Ah, but they don't exactly hand out pamphlets on sensitivity when you sign your NFL contract, and fans aren't keeping fantasy stats on how sensitive a player is.
Rolle's sentiment is unfortunate, but it's completely and utterly expected.
It's also not entirely dissimilar from what quarterback Ryan Tannehill had to say, via Will Brinson.
There is even the Palm Beach Post report from Andrew Abramson that cites a source who claims Incognito was asked by coaches to "toughen up" the soft Martin, giving us the fitting and obvious "code red" scenario from A Few Good Men.
You can almost hear Jack Nicholson shout, "You need me on that line; you want me on that line."
Former player and NFL analyst Mark Schlereth was on SVP & Russillo on Wednesday and really summed things up beautifully. "The most politically incorrect place on the face of a planet is in an NFL locker room."
He then goes on to tell a vivid and uncomfortable story about having kidney stones surgically removed and then leaving to play a game that same day, finishing with, "That's what you have to do to play in the National Football League." Schlereth continued, "You have to be that stupid."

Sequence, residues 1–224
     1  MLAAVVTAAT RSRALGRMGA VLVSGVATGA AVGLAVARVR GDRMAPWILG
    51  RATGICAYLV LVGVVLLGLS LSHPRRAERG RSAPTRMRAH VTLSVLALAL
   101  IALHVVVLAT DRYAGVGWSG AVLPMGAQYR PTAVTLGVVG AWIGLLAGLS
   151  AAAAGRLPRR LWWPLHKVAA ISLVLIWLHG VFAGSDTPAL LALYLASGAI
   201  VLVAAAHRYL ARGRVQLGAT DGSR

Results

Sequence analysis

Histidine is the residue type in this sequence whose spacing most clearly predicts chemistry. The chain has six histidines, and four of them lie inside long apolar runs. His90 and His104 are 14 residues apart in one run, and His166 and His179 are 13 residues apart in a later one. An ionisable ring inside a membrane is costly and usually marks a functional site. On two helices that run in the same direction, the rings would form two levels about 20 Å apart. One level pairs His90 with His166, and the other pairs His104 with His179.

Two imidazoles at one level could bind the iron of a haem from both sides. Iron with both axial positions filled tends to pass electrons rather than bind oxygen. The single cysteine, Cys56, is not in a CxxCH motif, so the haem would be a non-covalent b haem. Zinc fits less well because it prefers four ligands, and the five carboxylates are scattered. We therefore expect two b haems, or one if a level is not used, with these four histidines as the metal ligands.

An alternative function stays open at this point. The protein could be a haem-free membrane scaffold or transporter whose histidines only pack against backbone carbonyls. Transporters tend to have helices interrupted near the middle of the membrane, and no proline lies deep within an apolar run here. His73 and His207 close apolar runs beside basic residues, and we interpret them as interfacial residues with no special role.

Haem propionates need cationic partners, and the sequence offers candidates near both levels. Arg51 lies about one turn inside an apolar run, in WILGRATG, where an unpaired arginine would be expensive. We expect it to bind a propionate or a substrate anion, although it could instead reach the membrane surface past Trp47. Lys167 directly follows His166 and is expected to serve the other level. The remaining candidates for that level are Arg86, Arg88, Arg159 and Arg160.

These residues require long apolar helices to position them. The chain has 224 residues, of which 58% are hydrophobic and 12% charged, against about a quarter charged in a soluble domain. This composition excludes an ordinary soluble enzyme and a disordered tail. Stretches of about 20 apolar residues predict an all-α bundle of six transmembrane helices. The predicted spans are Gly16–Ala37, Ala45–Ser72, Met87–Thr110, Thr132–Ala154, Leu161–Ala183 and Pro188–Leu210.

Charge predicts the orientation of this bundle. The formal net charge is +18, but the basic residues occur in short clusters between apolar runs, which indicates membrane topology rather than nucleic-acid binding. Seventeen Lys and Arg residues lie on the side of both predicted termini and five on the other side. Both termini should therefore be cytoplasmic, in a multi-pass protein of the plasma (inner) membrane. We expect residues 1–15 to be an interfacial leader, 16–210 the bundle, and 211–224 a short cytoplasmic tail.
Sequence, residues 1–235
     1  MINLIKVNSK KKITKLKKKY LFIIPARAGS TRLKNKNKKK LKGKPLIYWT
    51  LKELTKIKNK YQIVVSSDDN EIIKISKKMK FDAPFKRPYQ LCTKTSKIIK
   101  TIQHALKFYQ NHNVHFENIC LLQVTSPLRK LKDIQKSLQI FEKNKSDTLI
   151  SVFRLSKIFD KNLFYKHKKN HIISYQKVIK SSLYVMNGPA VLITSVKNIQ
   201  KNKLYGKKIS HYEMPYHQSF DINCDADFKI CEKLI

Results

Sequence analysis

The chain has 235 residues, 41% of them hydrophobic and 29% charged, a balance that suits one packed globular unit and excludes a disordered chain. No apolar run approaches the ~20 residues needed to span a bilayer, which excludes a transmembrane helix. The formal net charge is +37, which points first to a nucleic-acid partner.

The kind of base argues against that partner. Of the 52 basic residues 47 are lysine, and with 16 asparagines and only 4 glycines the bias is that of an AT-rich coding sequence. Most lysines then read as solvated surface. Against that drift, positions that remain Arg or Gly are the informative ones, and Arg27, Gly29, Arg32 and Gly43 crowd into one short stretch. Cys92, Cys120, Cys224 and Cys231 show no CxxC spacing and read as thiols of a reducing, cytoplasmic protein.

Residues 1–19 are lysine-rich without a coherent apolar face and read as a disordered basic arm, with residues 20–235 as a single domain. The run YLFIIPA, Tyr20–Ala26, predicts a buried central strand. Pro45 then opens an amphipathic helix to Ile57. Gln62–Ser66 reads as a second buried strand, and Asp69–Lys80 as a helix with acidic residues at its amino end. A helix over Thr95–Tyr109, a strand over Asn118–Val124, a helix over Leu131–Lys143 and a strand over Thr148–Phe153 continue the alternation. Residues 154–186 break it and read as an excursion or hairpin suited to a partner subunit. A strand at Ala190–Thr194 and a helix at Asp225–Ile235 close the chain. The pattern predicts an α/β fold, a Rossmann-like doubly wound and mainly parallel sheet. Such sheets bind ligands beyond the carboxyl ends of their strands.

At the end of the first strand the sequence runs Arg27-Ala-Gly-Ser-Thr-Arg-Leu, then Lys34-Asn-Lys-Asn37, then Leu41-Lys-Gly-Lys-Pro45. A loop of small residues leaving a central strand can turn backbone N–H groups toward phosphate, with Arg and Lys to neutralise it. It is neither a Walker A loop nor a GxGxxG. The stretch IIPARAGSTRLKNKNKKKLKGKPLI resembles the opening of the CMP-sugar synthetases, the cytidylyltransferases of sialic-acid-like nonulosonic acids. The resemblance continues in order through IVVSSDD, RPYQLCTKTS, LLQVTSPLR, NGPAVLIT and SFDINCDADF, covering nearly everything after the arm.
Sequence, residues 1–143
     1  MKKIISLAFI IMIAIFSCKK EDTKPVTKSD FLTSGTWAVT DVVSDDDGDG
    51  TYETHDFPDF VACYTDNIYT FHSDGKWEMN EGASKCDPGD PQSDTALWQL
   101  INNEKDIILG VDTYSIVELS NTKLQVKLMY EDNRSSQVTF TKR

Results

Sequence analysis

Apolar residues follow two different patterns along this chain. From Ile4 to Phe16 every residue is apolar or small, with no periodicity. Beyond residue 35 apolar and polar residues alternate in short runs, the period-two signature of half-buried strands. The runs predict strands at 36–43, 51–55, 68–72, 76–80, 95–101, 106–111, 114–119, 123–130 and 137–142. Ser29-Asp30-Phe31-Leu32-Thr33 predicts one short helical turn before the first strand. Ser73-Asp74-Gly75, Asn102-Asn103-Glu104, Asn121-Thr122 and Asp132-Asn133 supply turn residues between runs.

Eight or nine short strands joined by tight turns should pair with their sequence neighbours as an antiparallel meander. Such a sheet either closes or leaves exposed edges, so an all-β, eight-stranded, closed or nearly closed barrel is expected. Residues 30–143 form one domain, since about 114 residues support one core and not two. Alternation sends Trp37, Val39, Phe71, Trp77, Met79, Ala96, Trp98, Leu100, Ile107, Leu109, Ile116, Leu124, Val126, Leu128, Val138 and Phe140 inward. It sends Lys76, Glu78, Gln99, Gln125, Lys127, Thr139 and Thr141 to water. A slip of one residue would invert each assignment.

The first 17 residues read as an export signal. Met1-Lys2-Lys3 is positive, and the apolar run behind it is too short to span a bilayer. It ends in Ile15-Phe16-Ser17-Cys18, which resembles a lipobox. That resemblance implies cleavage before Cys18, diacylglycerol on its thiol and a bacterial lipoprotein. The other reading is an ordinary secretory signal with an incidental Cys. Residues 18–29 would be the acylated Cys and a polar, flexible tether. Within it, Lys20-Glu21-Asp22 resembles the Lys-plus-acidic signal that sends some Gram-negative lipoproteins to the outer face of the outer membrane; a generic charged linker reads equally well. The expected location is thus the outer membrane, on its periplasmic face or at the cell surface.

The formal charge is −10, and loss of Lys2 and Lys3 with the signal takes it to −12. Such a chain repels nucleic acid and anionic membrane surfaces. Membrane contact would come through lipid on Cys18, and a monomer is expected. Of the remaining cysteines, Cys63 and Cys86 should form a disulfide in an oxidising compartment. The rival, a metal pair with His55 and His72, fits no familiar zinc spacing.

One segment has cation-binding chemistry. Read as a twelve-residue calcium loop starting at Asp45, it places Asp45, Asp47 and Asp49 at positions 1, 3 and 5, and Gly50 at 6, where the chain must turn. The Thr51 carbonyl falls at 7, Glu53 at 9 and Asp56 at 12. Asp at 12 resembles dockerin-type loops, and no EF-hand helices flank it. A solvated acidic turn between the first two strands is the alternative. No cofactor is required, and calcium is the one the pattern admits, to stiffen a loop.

Guys play with injuries and physical maladies we wouldn't dare head into work with, let alone maintain while playing a game.
But that gladiator mentality has a dark side.
Schlereth continues, "And there's this mentality in there; the worst thing you can be...you know what's worse than being racist in an NFL locker room? Being soft."
And so we have just the latest example of the league being reactive to things we on the outside just take for granted. Keith Olbermann took the team to task for just that, albeit extrapolating things to legal ends.
There's a very "Don't ask how the sausage is made" aspect behind all this. At some point, we have to admit that things just aren't the same in the locker room, dugout, clubhouse as they are in the commissary at your office.